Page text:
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Collective Trauma versus Individual Trauma : A Literature Analysis


In William Faulkner’s As I Lay Dying, the trauma of Addie’s death is taking it’s toll on every character that the reader is introduced to. While each character is also dealing with their own personal trauma’s at the time, the addition of Addie’s death and burial arrangements, produces stress between the character’s themselves and the internal conflict each of them faces. Doctor Peabody words, “That’s what they mean by the love that passeth understanding: that pride, that furious desire to hide that abject nakedness which we bring here with us, … carry stubbornly and furiously with us into the earth again.” (Faulkner, 46) excellently exhibits the thematic notion of the novel, covering the collective trauma of Addie’s death. The particular situation Peabody is referring to is Jewel refusing to show up to Addie’s bedside before her passing even though he’s her favorite although he’s a brat. The social family dynamic of As I Lay Dying is as Addie describes “we had had to use one another by words like spiders dangling by their mouths from a beam, swinging and twisting and never touching” (Faulkner, 172). Addie’s metaphor allows the reader to have a double context to it; it can be seen as a collective trauma that the character’s experience due to their family situation or it can be introspective for each character’s dilemmas (Dewey Dell’s pregnancy, Darl’s World War I shell shock, etc). While Faulkner’s novel could easily be argued as primarily collective trauma, the individual scenarios that the character’s have as underlying emotions seem to more than just white noise in the event of Addie’s death. In fact, the build up from each of the character’s situations allows for Addie’s death to be the collective event of the novel that weaves them all together as the spider web analogy that Addie herself created.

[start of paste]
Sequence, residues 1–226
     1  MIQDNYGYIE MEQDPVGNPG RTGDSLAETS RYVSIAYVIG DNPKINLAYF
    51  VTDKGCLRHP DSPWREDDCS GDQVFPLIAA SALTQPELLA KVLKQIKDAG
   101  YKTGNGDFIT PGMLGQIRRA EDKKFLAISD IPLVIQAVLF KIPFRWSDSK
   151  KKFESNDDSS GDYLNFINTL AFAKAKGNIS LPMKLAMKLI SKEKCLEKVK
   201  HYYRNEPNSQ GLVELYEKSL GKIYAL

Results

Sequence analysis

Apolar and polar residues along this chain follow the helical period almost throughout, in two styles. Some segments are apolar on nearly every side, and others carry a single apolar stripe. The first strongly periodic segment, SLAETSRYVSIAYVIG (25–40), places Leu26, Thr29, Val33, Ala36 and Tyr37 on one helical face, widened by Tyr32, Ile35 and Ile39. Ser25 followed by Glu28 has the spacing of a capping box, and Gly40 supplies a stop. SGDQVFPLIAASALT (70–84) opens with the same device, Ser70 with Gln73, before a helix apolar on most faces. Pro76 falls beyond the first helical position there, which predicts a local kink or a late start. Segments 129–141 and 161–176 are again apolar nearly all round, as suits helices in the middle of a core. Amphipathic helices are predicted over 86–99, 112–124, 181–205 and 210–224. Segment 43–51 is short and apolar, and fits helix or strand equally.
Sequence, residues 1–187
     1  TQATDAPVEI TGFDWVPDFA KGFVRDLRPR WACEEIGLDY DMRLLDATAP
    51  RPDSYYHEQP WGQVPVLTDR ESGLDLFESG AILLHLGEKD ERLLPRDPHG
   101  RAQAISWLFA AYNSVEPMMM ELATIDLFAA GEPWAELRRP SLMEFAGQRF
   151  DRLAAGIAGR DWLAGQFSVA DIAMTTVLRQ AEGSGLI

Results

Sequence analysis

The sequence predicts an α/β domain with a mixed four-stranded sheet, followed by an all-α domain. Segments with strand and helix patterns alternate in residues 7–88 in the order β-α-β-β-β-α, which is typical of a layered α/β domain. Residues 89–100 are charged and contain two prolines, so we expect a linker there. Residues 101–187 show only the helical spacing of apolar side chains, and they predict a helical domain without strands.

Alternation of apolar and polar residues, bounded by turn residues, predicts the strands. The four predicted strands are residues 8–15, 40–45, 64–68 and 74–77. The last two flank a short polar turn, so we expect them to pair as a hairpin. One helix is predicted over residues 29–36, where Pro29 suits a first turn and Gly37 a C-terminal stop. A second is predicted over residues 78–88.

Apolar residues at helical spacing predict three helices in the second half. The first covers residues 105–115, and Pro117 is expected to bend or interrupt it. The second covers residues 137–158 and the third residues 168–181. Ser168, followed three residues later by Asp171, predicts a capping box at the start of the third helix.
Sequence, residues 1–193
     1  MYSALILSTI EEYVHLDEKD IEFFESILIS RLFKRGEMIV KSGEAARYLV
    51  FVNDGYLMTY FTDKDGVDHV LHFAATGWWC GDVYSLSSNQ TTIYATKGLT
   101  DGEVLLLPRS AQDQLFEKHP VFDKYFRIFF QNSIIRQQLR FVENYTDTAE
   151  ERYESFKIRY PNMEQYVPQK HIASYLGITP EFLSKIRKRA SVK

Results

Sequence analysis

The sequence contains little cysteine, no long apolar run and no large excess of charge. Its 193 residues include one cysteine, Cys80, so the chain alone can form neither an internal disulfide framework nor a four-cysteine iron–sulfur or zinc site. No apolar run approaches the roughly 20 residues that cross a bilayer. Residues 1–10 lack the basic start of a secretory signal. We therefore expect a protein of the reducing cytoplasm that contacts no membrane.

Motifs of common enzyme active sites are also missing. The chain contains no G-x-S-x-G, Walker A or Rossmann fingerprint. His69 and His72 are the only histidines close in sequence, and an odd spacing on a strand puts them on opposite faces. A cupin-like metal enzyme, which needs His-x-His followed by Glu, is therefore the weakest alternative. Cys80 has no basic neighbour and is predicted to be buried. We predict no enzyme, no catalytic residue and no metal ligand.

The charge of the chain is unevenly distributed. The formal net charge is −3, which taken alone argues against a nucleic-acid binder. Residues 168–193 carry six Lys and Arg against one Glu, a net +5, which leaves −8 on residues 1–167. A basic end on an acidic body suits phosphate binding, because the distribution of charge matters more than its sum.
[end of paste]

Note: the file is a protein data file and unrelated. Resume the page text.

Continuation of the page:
In contrast, Dorothy Allison’s Two or Three things I Know for Sure can be seen as solely an individual trauma novel right off the surface. Nonetheless, Allison’s inclusion of the traumatic events that the women in her family also had to endure, adds a collective dynamic to her novel; allowing it to also be seen as every woman’s story. The juxtaposition between Allison’s poetic language that primarily covers the entirety of the novel and her direct language that is used for the explicit individual trauma should be the primary example that Two or Three things I Know for Sure is also a collective trauma. Allison’s memoir includes poetic language such as “Love was a mystery. Love was a calamity. Love was a curse that had somehow skipped me,... Sex was the country that I had been dragged into as a unwilling girl - sex, and the madness of the body. For all that it could terrify and confuse me, sex was something I had assimilated. Sex was a game or a weapon or an addiction. Sex was familiar. But love - love was another country.” (Allison, 55); however, Allison reveals her abuse by saying, “The man raped me. It’s the truth. It’s a fact. I was five, and he was eight months married to my mother.” (Allison, 39). The language in Allison’s novel various between depicting collective or individual trauma. For example, Allison plainly depicts her mother’s death as plainly as, “My mother died at midnight on a Saturday” (Allison, 12); while the language is direct as her abuse, her mother’s death is viewed as a collective trauma for her and her sisters as they all “become Mama” (Allison, 16). The collective web of stories that Allison ties together of the women in her family and all the trauma they endured, allows for her memoir to be seen as every woman’s story.

Different definitions and understandings of trauma made possible by representing traumatic experience as collective and as individual phenomena also depend on the genre of the novels. Trauma is strongly correlated to truth in the reader’s eyes about the trauma that the author is relaying. When a reader goes into a novel knowing it is fiction, they are able to displace themselves from the situation even though they are capable of relating to particular situations. However, when a reader begins a novel that is labeled as non fiction, they are expecting the entirety of the novel to be truth spewing from the author’s finger tips. Thus, truth is a strong correlating factor between As I Lay Dying and Two or Three Things I Know for Sure due to the fact that Faulkner’s story is fiction and Allison’s is a memoir. The viewpoint of trauma varies based on the genre due to the fact that with fiction, typically the reader is experiencing the trauma alongside the character so the trauma is almost more raw than a nonfiction story where the trauma is obviously experienced in the past. Although most authors draw their stories from their personal experiences and a fictional story may hit close to a reader’s heart, a nonfiction novel is expected to be pure truth, thus, the trauma is viewed through a skewed lens on the reader’s behalf.

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